Gaming Industry’s COVID-19 Impact Expected to Last Into 2021
There’s a cycle going on right now with reactions and predictions to COVID-19’s impact. For one, people are hoping summer marks a return to normalcy. It’s true: we may see limited restaurant openings, events return, and people return to work. On the other hand, a lot might not happen. There are some places like LA County preparing for another 3 months of stay-at-home. Not to mention, states returning to normalcy now are seeing spikes in confirmed Coronavirus cases. Xbox lead Phil Spencer is predicting the gaming industry’s COVID-19 impact to last well into 2021. Here’s how that’s possible, even if we do see a bit of normalcy by summer.
Understanding the Gaming Industry’s COVID-19 Impact
Image Credit: Kojima Productions
The tricky thing about the gaming industry is that work does not manifest itself in real-time. For example, a major project a team works on now isn’t going to release next week. The process of developing and producing games, or even DLC for that matter, takes time. Unlike some other industries, the gaming industry isn’t at a halt in terms of sales. While movie theaters and concert venues are closed, gaming sales are skyrocketing. People who are stuck at home are playing more video games than ever. For this reason, and the fact that games are still releasing, the impact seems minimal. For now, says Xbox boss Phil Spencer.
In a Business Insider interview, Spencer noted that we might not see the impact of production and development delays until March 2021. That’s the time frame that some games near completion might have released, had it not been for COVID-19. That’s an interesting time for production impacts to manifest, seeing as the Xbox Series X and PS5 are set for Holiday 2020 releases. Personally, I don’t see those dates moving. We might have a Switch situation where consoles are extremely hard to come by in the early months of retail.
Significant Areas Impacted by the Coronavirus in Gaming
Image Credit: Kojima Productions
Let’s say you are a game developer. If you want to develop a game nowadays, then you likely use a key technology: motion capture. The photorealism enjoyed in many games today is a product of mo-cap. Yes, things like design and coding can happen from home. Mo-cap? Not so much. It’s one area Spencer mentions has completely stopped. Development teams also work from home now. This reality means teams cannot work together as fluidly. It’s great that digital technology allows us to work from home at all. Still, there are inherent hurdles to organizing the development of a game across numerous locations.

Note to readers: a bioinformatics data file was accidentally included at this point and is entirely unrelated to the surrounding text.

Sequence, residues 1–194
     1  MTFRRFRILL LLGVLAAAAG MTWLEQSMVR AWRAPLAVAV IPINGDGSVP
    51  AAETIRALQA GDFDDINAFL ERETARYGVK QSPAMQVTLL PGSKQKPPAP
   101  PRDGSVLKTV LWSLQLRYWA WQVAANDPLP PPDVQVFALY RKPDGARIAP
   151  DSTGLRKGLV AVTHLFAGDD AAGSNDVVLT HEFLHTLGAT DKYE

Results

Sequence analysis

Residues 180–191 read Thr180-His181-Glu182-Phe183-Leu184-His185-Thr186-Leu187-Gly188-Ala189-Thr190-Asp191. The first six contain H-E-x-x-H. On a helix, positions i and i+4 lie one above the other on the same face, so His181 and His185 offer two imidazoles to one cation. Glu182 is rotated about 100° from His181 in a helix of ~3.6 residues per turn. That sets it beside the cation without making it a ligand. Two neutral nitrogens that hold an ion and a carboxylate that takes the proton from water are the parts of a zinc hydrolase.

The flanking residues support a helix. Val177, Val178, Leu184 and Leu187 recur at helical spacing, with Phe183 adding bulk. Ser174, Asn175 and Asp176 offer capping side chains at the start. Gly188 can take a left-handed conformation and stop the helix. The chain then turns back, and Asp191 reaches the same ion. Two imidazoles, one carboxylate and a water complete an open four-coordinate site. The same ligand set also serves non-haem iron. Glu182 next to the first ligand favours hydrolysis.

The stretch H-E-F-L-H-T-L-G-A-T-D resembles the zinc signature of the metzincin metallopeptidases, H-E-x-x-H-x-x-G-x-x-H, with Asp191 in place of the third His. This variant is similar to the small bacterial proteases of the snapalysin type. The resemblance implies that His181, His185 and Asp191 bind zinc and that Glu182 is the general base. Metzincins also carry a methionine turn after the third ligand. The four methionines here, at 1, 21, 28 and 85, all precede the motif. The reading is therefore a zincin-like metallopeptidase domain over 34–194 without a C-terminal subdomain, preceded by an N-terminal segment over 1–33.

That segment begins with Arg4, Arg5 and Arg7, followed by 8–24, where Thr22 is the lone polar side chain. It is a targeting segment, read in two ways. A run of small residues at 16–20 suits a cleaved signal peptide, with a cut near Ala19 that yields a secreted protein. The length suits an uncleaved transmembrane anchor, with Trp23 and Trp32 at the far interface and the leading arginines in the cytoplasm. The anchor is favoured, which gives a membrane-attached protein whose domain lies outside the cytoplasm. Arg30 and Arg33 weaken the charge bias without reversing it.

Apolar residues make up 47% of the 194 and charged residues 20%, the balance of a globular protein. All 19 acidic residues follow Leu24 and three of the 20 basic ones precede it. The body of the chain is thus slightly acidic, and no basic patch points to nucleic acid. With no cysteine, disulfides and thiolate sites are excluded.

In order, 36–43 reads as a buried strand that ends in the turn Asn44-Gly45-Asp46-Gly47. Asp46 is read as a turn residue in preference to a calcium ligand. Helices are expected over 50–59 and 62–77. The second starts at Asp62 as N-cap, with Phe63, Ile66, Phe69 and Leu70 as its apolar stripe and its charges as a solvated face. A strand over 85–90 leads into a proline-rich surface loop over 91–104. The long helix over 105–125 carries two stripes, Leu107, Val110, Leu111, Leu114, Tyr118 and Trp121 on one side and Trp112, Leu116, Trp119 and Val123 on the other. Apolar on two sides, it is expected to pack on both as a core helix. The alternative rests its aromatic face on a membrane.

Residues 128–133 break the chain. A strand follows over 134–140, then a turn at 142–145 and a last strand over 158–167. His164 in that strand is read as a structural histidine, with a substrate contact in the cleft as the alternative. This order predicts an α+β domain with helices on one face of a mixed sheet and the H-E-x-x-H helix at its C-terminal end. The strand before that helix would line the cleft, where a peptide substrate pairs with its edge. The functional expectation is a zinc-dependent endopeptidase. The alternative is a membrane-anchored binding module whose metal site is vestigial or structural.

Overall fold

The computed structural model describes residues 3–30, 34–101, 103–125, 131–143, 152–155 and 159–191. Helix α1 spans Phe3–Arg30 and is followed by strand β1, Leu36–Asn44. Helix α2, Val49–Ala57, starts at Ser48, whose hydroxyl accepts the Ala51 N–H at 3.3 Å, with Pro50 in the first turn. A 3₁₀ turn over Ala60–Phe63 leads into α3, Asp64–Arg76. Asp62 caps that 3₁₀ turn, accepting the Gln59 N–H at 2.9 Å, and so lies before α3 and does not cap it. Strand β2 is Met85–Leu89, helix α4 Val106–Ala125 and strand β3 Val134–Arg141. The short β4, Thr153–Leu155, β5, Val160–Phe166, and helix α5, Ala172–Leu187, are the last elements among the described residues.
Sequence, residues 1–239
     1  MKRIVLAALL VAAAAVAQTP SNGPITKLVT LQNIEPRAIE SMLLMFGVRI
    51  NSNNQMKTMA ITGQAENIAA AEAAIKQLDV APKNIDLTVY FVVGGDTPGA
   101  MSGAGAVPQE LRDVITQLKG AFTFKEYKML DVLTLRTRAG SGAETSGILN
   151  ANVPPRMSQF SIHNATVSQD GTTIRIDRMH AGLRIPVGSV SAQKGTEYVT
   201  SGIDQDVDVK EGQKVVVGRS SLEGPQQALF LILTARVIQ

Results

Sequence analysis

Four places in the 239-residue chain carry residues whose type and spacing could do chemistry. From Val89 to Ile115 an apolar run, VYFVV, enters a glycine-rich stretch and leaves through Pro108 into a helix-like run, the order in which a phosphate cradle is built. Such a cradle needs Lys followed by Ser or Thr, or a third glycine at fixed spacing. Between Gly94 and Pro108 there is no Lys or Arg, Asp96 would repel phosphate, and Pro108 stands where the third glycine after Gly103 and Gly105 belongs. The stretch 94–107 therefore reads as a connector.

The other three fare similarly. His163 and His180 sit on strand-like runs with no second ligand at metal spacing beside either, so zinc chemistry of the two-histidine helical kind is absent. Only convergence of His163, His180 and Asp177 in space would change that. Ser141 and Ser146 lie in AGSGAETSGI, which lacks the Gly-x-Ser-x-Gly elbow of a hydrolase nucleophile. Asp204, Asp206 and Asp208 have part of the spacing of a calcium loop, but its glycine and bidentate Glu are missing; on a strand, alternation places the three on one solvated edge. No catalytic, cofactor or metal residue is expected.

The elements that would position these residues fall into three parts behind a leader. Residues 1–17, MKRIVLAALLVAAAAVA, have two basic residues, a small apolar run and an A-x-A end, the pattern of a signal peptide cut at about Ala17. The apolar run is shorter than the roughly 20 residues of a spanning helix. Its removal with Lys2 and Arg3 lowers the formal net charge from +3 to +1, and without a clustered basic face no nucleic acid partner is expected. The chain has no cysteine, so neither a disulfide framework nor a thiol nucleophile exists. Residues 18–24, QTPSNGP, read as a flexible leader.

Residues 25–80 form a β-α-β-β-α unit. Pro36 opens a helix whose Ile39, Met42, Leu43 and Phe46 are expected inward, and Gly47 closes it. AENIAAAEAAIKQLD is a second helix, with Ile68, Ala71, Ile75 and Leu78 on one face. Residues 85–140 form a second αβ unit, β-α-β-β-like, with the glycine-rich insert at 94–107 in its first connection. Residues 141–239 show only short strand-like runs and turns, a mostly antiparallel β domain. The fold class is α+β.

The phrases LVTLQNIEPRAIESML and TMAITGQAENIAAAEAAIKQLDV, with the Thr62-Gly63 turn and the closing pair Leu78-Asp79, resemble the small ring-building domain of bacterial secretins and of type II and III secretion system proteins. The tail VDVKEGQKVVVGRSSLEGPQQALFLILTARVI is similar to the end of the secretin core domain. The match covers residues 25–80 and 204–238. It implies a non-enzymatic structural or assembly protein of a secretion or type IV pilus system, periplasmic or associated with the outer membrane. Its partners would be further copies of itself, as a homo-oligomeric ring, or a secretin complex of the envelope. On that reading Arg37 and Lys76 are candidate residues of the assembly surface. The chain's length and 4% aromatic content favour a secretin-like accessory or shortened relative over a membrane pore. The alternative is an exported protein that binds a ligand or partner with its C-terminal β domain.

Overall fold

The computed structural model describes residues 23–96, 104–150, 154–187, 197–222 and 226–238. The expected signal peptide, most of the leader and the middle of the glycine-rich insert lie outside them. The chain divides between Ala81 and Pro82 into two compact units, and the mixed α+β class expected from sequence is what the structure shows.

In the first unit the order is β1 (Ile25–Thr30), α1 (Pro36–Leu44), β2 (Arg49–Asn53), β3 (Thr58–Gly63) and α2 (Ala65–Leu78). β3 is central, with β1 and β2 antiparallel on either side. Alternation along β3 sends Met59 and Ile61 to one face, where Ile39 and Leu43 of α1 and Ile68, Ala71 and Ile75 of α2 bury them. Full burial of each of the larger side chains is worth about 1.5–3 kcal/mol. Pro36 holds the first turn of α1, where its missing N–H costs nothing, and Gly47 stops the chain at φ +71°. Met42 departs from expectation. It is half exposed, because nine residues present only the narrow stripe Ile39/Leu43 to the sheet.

Audio work is also an interesting concept in the gaming industry’s COVID-19 impact. While your favorite podcast might be recording from home, you can’t do major audio for games on a Yeti mic. The anime industry is experiencing a similar issue. That’s why dubs are all but ceased. For anime from Japan, many of those shows finished production months ago. The summer anime season may look unchanged too. Fall and winter? A little different story. Gaming will go through the same thing as we near 2021.
Moving Forward, No Matter How Unsure Things Seem
Image Credit: Nintendo
The gaming industry’s COVID-19 impact isn’t unlike other areas of life or the economy. We don’t know what June will look like let alone 2021. We do know that the industry is moving forward as best as it can. Sony debuted its Playstation Studios branding this week, and Ubisoft Forward is replacing the usual E3 showcase. Rather than overthinking and stressing about the future, it’s sometimes best to stay present. It works on an individual level, but not when your present is rooted in producing things for the future. Gaming industry developers and employees are facing furloughs and losing jobs like other areas of the economy. Hopefully, things turn around sooner than later. For now, we keep playing the games that make us happy and work to keep ourselves and others healthy.
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Featured Image Credit: Microsoft
Taylor is the Gaming Editor of Comic Years and a lifelong fan of video games. He holds two degrees in Political Communication and wrote a Master's Thesis on resistance movements, race, and the exploitation of college athletes. His wife and two Toy Australian Sheppards keep him sane.